The Security Council condemned Monday’s attacks on two UN camps in Mali, which resulted in the deaths of one UN peacekeeper, a Malian soldier and a member of the Malian gendarmerie, along with six Malian contractors.
“The Secretary-General stresses that attacks targeting United Nations peacekeepers may constitute war crimes under international law,” a spokesperson for UN Secretary-General António Guterres said in a statement.
The day before, gunmen killed 18 people in an attack on a restaurant in Burkina Faso’s capital, Ouagadougou.
Guterres expressed support for efforts of the G5 nations – Burkina Faso, Chad, Mali, Mauritania and Niger – to “combat terrorism and violent extremism” in the Sahel region.
All-African Sahel force planned
The G5 force has been in the making since 2014 but only gathered pace in the past few months, with its official launch at the G5 Sahel summit in July.
This counter-terrorism force comprising the five Sahel countries most exposed to armed Islamist attacks will not be up and running until this autumn, according to French President Emmanuel Macron.
It is intended to work alongside France’s Barkhane force and the UN’s Minusma.
But the Mali and Burkina Faso attacks have added to the urgency.
“These criminal acts underline the importance and urgency of creating a joint force between Sahelian countries with the help of the international community,” Mali’s UN ambassador Issa Konfourou told delegates at the UN Security Council.
Mali, Burkina attacks may not force UN’s hand
“There’s some need for a military option in the sense that we have jihadist movements that are still very active,” Yvan Guichaoua, a lecturer at the Brussels School of International Studies, told RFI.
Whether the attacks in Burkina Faso and Mali will be enough to jolt the G5 force into action is another matter.
“Sadly, I think it’s very unlikely,” Sean Smith, a west Africa analyst at risk firm Maple Croft in London, told RFI.
“Firstly, the UK does not consider the Sahel to be a key strategic area. Meanwhile, in the US you have a president who’s made it very clear he’s not willing to sanction extra funds for UN peacekeeping missions.”
That creates a budget short fall.
An estimated 400 million euros is necessary to get the G5 force of 5,000 troops off the ground.
So far, the European Union has promised 50 million euros and France, which has been leading the call for a G5 force, has pledged a further nine million, but both the US and the UK have made it clear that they are not willing for the UN to finance the mission, despite the Security Council giving it its approval.
Making up the numbers is “going to be quite a tough avenue for the Sahelian countries to pursue”, reckons Smith.
Some experts argue the Sahel countries should not have to go it alone.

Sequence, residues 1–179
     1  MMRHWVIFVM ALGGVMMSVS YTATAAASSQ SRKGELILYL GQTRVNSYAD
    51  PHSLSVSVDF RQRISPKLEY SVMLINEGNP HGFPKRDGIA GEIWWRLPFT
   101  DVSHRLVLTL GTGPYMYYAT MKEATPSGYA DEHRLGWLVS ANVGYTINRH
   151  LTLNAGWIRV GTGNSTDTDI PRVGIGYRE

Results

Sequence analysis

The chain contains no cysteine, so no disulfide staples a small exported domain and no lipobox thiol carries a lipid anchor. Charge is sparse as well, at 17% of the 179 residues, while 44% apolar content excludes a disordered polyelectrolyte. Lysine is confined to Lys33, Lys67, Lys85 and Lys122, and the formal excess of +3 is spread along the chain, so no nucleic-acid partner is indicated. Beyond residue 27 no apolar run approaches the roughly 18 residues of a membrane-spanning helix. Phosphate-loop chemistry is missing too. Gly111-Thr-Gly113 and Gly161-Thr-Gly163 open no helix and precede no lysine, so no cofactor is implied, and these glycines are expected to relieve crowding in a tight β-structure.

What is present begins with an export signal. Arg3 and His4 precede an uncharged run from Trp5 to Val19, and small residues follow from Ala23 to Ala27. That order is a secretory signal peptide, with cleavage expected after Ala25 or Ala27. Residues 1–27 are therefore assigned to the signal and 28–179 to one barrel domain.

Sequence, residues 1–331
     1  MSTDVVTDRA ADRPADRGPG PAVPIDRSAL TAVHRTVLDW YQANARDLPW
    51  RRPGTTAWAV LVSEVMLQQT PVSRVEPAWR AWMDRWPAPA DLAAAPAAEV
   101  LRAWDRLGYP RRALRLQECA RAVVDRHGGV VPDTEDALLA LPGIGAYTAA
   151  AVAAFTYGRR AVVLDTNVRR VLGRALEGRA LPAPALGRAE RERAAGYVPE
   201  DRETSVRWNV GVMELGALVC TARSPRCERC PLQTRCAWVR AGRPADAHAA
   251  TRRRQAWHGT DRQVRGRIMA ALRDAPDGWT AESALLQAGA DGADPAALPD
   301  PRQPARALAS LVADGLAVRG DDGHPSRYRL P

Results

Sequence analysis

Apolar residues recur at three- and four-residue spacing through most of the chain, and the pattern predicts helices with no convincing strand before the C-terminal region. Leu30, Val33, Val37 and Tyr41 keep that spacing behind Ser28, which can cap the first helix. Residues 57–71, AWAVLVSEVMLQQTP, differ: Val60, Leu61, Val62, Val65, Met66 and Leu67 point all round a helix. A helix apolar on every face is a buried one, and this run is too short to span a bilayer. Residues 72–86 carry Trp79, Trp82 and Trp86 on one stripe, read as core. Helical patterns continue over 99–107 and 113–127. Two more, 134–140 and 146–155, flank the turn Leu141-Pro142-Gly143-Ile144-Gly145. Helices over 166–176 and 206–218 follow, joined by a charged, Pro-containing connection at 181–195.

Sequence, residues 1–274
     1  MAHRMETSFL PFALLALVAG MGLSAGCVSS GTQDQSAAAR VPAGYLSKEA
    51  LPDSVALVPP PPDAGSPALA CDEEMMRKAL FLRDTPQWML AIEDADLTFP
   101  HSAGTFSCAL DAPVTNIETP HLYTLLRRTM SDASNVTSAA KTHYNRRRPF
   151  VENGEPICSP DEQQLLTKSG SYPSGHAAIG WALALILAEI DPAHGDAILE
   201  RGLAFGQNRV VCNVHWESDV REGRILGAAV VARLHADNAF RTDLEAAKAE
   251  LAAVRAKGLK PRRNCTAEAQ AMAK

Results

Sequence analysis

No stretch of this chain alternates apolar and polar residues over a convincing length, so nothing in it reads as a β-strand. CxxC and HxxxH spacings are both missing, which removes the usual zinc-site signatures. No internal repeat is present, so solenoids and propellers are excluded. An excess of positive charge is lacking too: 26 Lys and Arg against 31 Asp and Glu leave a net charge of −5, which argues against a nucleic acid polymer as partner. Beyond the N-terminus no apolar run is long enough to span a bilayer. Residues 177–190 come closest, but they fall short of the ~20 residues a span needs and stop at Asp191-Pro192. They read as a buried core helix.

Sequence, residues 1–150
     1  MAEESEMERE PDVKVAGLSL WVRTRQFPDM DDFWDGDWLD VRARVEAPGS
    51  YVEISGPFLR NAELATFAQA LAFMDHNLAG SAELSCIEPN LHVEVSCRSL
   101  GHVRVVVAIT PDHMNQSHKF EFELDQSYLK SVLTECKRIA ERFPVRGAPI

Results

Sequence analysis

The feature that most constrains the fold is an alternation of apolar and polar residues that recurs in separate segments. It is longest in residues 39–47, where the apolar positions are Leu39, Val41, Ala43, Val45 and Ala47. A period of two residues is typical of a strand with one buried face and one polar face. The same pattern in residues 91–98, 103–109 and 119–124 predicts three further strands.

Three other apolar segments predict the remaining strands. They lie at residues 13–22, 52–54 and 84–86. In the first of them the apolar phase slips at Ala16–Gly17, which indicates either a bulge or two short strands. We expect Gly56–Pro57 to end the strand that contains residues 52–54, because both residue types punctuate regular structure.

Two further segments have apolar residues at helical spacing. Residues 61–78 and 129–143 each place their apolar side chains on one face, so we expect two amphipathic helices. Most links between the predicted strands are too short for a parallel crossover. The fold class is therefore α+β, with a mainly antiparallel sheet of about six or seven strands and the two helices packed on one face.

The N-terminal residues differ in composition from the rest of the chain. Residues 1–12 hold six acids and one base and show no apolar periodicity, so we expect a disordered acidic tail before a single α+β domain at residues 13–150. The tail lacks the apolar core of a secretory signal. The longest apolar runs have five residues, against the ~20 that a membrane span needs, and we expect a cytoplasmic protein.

“If Western countries expect the Sahel to make an effort to try and tackle these security challenges and reinforce the security of the whole of west Africa, they’re also going to have to chip in,” argues Paul Melly, an associate fellow at Chatham House in London.
Chad on its way out
President Idriss Deby of Chad, which possesses the region’s most capable military, has threatened to pull his country’s troops out of all African peacekeeping operations and not join the G5 force because of the lack of financial support.
“Chad has been at the forefront of the fighting in northern Mali ever since operation Serval was deployed in 2013,” explains Smith.
“As one of the key components of the UN peacekeeping mission in Mali, Chad is well placed to hammer home the cause for additional funds,” he says.
The country has been hit by economic crisis, exacerbated by low prices for its main source of revenue, oil.
Budget concerns aside, questions linger over the effectiveness of a military response, particularly in the light of the sheer geographical challenge of policing such a vast and sparsely populated region.
In northern Mali – the epicentre of the jihadist threat – “it can take easily 10 or 11 hours to drive from Bamako to as far as Mopti and then from there onto Gao another 24 hours,” says Paul Melly.
Beyond a military response
“When we look at the origins and what breeds militant activity, there’s more than just a military response,” argues Yvan Guichaoua.
“You still have the problem that there are a number of armed groups driven both by jihadist ideology but also by money from drug trafficking for example,” adds Melly.
An effective political process is needed to weaken the pull of poverty that drives recruitment, he says.
In Niger, however, the government of Mahamadou Issoufou has succeeded, if not in eradicating the jihadist threat, at least in keeping it at bay, thanks to what Guichaoua describes as “discreet diplomacy”.
“There’s a daily monitoring of people tempted by the jihadist adventure by local communities,” he says. “There’s networking done through local figures that contribute to maintaining the social cohesion in these countries.”
Controversially, he argues that cohesion is also maintained through the profits of drug trafficking, which the G5 force is also meant to tackle.
“Some of these jihadis that are active also belong to a political economy, they are embedded in local communities.”
A heavy-handed approach may not be compatible with this old-fashioned way of bringing about peace in this part of the world, Guichaoua reckons.
Taking time to find funding and to understand the complex dynamics in the region may in the end outstrip the temptation to rush the establishment of a G5 force.